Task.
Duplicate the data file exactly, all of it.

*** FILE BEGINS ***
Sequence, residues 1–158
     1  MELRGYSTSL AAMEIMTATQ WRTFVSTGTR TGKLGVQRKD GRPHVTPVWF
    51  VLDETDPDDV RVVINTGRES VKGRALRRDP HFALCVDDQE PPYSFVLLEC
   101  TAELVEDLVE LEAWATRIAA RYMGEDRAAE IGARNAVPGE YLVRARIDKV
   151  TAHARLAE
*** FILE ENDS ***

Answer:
Sequence, residues 1–158
     1  MELRGYSTSL AAMEIMTATQ WRTFVSTGTR TGKLGVQRKD GRPHVTPVWF
    51  VLDETDPDDV RVVINTGRES VKGRALRRDP HFALCVDDQE PPYSFVLLEC
   101  TAELVEDLVE LEAWATRIAA RYMGEDRAAE IGARNAVPGE YLVRARIDKV
   151  TAHARLAE